Simon Boswell

Simon Boswell (born 15 October 1956) is a BAFTA-nominated British film score composer, conductor, producer and musician, with more than 100 credits to his name. He is known for combining mainly electronic elements with orchestral.

Simon Boswell
Born (1956-10-15) 15 October 1956 (age 66)
OriginLondon, England, United Kingdom
GenresFilm score
Occupation(s)Composer, conductor, musician, producer


An alumnus of the independent The Haberdashers' Aske's Boys' School, Boswell studied English literature at Pembroke College, Cambridge. Playing the guitar since age 12,[1] he was an accomplished guitarist and was signed by Transatlantic Records in 1975 whilst still at college. This led to the release of his first solo album, "The Mind Parasites", a collection of contemporary acoustic songs and instrumentals. He formed the band "Advertising" in 1977, at the beginning of the punk rock era. Labelled "Power Pop," the band was more of an homage to the pop art style of Andy Warhol and the Velvet Underground. They toured extensively with Blondie.[2] After the split of "Advertising", Boswell became a record producer both in the United Kingdom and Italy. He produced Italian mega star Renato Zero's album and album of Nino Buonocore.[3] Boswell's record productions from the 1980s have influenced many contemporary musicians, notably the sample of the band 23 Skidoo's "Coup" which became The Chemical Brothers' "Block Rockin' Beats". After producing two albums for the London band Live Wire, he joined the band.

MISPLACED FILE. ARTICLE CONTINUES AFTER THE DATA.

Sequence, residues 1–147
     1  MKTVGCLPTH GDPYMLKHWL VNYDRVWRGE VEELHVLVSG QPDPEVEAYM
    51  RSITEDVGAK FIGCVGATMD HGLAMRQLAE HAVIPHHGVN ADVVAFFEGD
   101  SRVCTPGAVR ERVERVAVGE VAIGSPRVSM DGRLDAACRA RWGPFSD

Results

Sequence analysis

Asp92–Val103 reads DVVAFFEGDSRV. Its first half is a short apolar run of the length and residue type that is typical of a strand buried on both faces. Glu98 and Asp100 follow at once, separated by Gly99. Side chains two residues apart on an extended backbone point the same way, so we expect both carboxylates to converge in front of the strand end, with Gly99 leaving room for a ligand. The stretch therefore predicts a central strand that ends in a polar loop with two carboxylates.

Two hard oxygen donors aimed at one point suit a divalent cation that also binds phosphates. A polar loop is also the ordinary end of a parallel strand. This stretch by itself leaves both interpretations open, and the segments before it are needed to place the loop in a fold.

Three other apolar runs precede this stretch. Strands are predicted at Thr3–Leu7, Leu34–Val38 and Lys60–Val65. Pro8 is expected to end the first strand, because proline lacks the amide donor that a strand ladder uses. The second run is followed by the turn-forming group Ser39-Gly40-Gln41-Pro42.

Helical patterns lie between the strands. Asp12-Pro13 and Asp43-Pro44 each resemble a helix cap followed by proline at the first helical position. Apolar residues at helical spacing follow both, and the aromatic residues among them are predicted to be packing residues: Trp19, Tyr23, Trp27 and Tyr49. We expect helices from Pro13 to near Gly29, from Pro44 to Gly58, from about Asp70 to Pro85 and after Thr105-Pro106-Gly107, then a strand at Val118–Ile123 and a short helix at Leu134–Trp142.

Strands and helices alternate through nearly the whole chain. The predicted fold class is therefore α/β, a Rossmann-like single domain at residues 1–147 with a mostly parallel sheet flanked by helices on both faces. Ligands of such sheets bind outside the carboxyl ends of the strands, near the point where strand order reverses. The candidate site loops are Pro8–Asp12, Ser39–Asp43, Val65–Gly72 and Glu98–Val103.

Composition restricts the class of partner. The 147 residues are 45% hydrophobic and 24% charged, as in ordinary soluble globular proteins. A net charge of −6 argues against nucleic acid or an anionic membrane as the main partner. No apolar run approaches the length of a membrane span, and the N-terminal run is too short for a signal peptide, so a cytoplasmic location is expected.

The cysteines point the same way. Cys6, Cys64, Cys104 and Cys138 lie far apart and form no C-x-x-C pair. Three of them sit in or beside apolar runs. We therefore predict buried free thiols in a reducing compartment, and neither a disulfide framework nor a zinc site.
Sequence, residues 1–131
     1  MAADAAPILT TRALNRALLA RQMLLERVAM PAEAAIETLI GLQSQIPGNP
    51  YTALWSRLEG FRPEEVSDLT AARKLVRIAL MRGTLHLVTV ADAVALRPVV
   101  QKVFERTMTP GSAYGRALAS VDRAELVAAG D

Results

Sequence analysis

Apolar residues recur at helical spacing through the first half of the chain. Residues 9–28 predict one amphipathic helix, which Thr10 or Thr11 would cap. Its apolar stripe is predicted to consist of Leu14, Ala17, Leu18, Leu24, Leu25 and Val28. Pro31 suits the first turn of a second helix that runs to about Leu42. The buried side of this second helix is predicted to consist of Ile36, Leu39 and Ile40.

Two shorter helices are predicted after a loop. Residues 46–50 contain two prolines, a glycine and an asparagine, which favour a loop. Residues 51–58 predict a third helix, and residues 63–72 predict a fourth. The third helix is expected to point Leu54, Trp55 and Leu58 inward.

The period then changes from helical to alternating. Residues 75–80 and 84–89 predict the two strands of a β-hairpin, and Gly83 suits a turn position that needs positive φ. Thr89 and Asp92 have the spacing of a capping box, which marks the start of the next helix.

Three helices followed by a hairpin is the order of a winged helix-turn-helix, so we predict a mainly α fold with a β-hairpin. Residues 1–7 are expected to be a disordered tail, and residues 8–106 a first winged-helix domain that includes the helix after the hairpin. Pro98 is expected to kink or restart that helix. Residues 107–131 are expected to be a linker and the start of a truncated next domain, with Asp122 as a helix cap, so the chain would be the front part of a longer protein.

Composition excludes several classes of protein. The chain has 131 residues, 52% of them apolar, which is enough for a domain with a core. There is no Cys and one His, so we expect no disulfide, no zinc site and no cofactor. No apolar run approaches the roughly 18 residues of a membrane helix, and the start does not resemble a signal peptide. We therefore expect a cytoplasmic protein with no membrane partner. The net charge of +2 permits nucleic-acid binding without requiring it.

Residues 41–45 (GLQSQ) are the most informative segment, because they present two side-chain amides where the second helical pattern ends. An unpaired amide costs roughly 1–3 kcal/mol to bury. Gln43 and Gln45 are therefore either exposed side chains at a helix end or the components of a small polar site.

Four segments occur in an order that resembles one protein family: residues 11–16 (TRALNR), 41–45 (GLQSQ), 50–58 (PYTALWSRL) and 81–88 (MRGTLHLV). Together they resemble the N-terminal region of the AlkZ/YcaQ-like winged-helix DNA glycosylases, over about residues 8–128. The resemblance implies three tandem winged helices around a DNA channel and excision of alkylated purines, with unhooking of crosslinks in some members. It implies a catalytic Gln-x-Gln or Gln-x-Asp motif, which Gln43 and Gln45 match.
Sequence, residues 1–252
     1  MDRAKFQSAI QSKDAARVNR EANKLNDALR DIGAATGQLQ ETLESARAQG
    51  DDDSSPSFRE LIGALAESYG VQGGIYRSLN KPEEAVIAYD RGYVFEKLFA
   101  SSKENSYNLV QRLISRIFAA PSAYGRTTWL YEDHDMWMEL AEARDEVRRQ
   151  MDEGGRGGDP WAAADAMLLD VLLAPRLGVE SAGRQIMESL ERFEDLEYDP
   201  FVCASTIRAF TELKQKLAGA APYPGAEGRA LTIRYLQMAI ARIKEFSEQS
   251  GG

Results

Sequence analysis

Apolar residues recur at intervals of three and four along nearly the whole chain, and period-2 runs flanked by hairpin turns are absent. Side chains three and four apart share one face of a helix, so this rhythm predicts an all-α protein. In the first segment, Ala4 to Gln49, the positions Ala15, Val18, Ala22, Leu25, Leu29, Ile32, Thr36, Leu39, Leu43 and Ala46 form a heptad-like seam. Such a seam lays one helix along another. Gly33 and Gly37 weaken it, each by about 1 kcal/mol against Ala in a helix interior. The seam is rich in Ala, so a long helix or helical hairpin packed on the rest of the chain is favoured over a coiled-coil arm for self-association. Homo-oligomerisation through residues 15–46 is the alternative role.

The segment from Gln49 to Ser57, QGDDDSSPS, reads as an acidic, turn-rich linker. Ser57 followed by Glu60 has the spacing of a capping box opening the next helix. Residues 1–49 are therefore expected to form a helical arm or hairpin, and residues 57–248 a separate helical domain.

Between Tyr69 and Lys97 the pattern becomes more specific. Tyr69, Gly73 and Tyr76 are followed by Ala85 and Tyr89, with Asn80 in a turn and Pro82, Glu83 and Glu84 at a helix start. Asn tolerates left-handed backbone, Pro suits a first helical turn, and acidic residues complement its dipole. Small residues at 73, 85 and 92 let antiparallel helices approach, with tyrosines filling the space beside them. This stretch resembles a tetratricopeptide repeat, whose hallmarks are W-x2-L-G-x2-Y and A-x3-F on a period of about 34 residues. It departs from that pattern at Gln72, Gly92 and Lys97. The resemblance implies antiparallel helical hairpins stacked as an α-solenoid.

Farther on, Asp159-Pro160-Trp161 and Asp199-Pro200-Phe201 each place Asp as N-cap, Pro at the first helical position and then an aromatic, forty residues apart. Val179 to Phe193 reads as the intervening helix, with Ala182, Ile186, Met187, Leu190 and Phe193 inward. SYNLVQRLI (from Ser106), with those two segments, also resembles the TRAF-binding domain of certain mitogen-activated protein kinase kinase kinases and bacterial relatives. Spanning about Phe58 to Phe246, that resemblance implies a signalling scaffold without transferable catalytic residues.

Boswell's film career started in 1985, and since then he has countless awards from around the world and has been nominated twice for a BAFTA award. Some Directors that Boswell has worked with include Danny Boyle, Michael Hoffman, Dario Argento, Clive Barker and Alejandro Jodorowsky. Genres of his work in film include Italian exploitation ("Phenomena", "Stage Fright"), contemporary thrillers ("Shallow Grave", "Hackers"), horror flicks ("Lord of Illusions", "Hardware"), romances and character studies ("Jack and Sarah", "This Year's Love", "Born Romantic"), dramas ("In My Father's Den", "The War Zone", "My Zinc Bed"), fantasies ("Santa Sagre", "Photographing Fairies", "Tin Man") and literary classics ("A Midsummer Night's Dream", "Cousin Bette"). He has also collaborated with many high-profile artists on his projects, such as Elton John, Dolly Parton and Marianne Faithfull.[4] Established as a live performer as well as working in recording studio, he is accomplished with electronic and rock genres, combining these with epic orchestral scores.